Germany is undertaking its most wrenching reappraisal ever of its social welfare policies. Dr. Kurt Biedenkopf, minister-president of Saxony, looks at the causes.
DRESDEN: The issue of social policy is very much alive today in the post communist democracies. Because living standards and inequality were low under socialism, an individual had in a way little to lose. On top of this, the state delivered an extensive system of benefits. As the regime changed, the supply of desirable goods increased conspicuously and growing income disparities made individuals realize that their social position was insecure. The cost of social services also came to constitute a heavy burden on state budgets, and the impact of high income transfers on the economy had to be considered. As the new democracies re-think their approach and look to the more advanced European models, it is important to ask what lessons they can draw from countries such as Germany, which have many more years of experience.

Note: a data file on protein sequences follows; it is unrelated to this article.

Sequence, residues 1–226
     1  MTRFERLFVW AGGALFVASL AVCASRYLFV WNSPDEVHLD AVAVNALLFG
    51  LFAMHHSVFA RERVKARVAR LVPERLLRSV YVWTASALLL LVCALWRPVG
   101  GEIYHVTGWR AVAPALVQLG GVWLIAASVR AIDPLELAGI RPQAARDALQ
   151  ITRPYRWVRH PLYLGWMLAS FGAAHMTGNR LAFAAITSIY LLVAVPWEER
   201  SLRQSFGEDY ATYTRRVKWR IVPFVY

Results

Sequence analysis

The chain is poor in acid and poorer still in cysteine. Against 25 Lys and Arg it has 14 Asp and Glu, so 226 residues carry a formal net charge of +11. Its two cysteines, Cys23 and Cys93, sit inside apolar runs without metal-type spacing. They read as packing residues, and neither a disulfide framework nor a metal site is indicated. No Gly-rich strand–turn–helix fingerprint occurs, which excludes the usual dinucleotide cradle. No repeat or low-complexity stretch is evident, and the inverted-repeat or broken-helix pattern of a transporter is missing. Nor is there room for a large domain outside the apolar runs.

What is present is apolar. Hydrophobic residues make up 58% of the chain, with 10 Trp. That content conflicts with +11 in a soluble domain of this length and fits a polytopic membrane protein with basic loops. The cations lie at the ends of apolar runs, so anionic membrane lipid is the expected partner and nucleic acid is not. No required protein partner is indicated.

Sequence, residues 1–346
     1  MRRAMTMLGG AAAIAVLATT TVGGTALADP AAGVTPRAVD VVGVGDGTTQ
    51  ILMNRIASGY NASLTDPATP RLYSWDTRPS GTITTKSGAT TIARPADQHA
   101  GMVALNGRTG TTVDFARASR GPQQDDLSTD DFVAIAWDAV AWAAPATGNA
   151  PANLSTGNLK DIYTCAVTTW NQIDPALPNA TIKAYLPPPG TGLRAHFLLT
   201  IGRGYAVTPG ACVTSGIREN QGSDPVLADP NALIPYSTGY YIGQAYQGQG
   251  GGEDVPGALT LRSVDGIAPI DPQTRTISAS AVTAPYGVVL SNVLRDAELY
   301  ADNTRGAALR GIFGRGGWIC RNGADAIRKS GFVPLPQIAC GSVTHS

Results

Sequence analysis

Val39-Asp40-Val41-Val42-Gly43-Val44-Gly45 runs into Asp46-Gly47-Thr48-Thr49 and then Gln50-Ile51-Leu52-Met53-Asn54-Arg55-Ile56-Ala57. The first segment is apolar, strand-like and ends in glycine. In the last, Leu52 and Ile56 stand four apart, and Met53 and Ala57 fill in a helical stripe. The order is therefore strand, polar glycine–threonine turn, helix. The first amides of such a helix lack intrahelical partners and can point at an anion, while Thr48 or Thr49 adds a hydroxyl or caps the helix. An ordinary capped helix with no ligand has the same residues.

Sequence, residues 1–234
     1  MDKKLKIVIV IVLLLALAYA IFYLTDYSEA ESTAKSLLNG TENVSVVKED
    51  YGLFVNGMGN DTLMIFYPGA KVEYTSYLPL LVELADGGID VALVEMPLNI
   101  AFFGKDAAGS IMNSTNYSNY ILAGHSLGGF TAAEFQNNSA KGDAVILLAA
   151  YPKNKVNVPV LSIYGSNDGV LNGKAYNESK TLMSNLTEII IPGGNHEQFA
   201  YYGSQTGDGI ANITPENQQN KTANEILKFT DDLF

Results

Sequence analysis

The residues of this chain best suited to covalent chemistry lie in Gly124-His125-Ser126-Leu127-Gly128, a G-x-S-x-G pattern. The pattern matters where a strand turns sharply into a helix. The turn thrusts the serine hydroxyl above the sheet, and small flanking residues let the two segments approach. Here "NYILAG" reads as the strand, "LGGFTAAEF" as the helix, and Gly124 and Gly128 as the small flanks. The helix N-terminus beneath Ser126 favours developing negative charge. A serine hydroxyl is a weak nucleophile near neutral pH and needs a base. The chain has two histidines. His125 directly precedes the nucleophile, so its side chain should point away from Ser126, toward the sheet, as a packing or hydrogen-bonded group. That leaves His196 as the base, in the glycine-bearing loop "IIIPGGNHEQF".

Germany is a very rich country and its social system looks enviable from the perspective of those who must anxiously struggle for the necessities of daily life. But there are also some disquieting lessons as well.
What makes the German "social state" more and more disputable is it’s expansion over the years that now reaches far beyond those who really need social protection. There is overall consensus in Germany that people without their own means of survival and without families or smaller local communities upon which to lean in hard times must be helped by the state. But nowadays, the social system is donating too large amounts to the middle class, rather than the poor. The middle class now makes up about 80% of the cost. We are talking about a system that has expanded to roughly 90% of the German population and that itself employs over 250,000 people. It is a tremendously expensive scheme with a troublesome impact on smaller communities and individual incentives.